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Patriots DT Alan Branch on win: 'We weren't giving up'

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HOUSTON -- They're joked about as automatons.

These Patriots players, religiously issuing mechanical and emotionless words to describe a game so many other NFL teams can't seem to master.

Do your job. Trust the process. One play at a time.

Here's the problem for all the haters, though: These words are real. Tangible. Something these players buy into. Code they willingly live by -- and the results speak for themselves.

In the afterglow of Super Bowl LI -- a game for the ages that saw New England roar back to life for an unforgettable 34-28 overtime win against the stunned Falcons -- Patriots players spoke in unison about erasing a 25-point deficit en route to glory.

"Honestly, we just started finally executing," defensive tackle Alan Branch said after the game. "We were on the field and we knew what we had to do, but we weren't getting it done in the first half. When we came into halftime, we talked to each other. We weren't down, we didn't give up. We weren't talking about rolling over or anything. We just started talking about being on our job, being more positive, having fun out there."

Did coach Bill Belichick lose his cool at the break after watching the Falcons slice through New England for long runs and a handful of clutch throws by quarterback Matt Ryan?

"He just told us to stick to the game plan. He didn't go crazy or anything," Branch said. "He just told us to go out there and we were able to definitely come back from that score deficit, so he said: 'If everybody does their job, we have a great chance of coming back to win the game.'"

Said Branch: "I think once everybody looked around in the locker room, and realized we weren't giving up, that it kind of changed the whole mindset of everybody and we went out there firing off on all cylinders."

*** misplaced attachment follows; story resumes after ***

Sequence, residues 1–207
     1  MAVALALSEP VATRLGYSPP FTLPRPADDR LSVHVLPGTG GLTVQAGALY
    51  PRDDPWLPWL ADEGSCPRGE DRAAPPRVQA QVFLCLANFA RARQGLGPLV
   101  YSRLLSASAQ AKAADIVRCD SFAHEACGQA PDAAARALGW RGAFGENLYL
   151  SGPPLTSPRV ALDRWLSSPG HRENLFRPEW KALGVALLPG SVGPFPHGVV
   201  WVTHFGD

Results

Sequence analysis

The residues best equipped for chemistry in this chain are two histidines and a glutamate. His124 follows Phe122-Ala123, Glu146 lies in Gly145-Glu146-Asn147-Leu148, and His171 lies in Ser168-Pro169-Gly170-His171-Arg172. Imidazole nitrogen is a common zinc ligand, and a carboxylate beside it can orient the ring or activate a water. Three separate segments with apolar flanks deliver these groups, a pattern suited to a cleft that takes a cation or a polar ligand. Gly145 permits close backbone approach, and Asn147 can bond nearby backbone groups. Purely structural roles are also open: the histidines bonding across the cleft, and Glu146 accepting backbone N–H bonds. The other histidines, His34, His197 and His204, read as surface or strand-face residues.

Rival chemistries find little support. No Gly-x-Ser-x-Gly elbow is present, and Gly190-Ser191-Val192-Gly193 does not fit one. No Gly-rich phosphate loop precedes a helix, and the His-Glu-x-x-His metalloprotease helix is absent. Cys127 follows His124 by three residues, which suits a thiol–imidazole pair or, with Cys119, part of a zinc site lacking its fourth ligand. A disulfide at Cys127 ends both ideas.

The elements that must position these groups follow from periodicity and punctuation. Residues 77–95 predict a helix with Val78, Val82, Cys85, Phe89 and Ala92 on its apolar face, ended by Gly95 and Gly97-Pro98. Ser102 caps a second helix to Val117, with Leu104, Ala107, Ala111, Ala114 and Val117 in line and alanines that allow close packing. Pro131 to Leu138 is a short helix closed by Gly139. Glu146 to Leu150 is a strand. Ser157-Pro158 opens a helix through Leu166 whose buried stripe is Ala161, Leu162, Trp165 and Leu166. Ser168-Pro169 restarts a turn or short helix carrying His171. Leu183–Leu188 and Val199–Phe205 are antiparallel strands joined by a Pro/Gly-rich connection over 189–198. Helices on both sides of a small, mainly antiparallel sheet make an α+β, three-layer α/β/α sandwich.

After opening the second half with a punt, Ryan lit up the Patriots on the following series with a pristine, eight-play, 85-yard march capped by his 6-yard touchdown strike to running back Tevin Coleman to capture a 28-3 lead.

Inside NRG Stadium, the shouts of Patriots fans were replaced by a Falcons-loving mob that began celebrating their first world title in earnest. That roar began to fade in the fourth quarter -- awkwardly, slowly and painfully -- when New England's Dont'a Hightower generated a game-changing strip sack of Ryan. That turnover set the table for a quick Patriots touchdown that tightened the score to 28-20.

One series later, Ryan and the Falcons were forced to punt after six plays, giving Tom Brady the ball back with 3:30 left on the clock. The Patriots passer authored magic from there, but this defense -- down the stretch -- deserves credit for its adjustments.

"People doubted us," said safety Patrick Chung. "You know: 'Their offense is going to run all over us, throw all over us.' It is what it is ... just play better. Take it play by play, man."

Cornerback Logan Ryan dismissed the unit's slow start, focusing only on the finished product: His second Super Bowl title with the Patriots in three seasons.

"The thing is that makes a champion: It's not about shutting everybody out, making everything easy," Ryan said. "It's about getting knocked down and getting back up and how you respond. That's what this team did all year. We kept getting knocked down, we kept responding, we kept coming to work and no one in that locker room -- not one person -- lost faith in the play-calling and how we were playing. We all knew we were going to win ... we never lost faith. We kept it going."

It can all sound the same coming from these Patriots. The catch phrases, the drama-free redundancy of the message, the boiling down of 31 unanswered points on the game's biggest stage to this: Do. Your. Job.

While it's popular fodder for critique and disdain by onlookers, here's the problem: It works. It works to the tune of five world titles with Belichick and Brady at the wheel.

A slow start by the defense? All of that fades away in the reality of what New England has accomplished since 2001. And what the Patriots likely will accomplish again next year unless someone can figure out how to outfox the greatest organization in professional sports.

Don't hold your breath.

Don't miss: Live coverage of the Patriots' Super Bowl LI victory parade starts at 10 a.m. ET Tuesday on NFL Network.

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